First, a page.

Launched to coincide with World Sleep Day in 2016, the campaign centres around the story of an Icelandic fisherman with insomnia and includes this powerful video. It’s great storytelling and emotional in its approach – but it still makes the point that Philips’ investment in tech can help with sleep problems.


DO: Hogan Lovells

Finally, Hogan Lovells’ Litigation Landscape, which has one purpose: to create conversations. From the title – ‘How to prevail when technology fails’ – to the recommendations based on client experience, it is a practical piece of thought leadership that has a very clear next step for the reader.

We recommend that you think about all three elements of Think, Feel, Do when you plan your content programme. But it is also important to recognise that a single content asset may not achieve all three. For every piece of content you create, aim to address at least one of these responses, and be sure to direct them to the next piece of insight that enables them to continue on their journey.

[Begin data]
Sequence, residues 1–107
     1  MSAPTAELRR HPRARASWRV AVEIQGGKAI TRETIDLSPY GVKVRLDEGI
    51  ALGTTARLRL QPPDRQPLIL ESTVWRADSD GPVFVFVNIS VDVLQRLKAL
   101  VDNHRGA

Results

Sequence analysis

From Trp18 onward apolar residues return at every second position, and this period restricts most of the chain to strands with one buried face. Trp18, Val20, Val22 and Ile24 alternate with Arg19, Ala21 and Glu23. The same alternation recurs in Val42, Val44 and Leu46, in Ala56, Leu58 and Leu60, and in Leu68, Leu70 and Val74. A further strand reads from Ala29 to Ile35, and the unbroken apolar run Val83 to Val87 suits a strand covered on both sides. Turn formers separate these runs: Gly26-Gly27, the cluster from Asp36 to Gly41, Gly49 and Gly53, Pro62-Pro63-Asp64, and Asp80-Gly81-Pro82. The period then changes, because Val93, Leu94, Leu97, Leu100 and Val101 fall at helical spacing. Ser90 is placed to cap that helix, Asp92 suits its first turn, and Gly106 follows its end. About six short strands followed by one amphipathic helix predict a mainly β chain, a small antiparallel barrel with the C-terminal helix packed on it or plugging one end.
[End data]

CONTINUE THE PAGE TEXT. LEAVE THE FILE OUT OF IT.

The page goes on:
Need help forming a deeper understanding of your audience? Our online tool provides a step-by-step guide to developing a map of your target audience, including their motivations, purchasing behaviour and interactions across the buyer group.

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We’ll help you to navigate and overcome any challenges you currently face and learn how to get more out of your content.

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About the author: Emily Taylor Gregory

Emily is our marketing director, responsible for the brand, marketing and communications strategies for FT Longitude and the Thought Leadership Network. Emily leads our content and events programmes, our digital marketing channels, as well as our speaking engagements and PR activity, working closely with our editorial and research teams to develop and promote insight and best practice at the cutting edge of thought leadership.

Before joining FT Longitude, Emily spent 14 years working in various marketing roles in the publishing and technology sectors.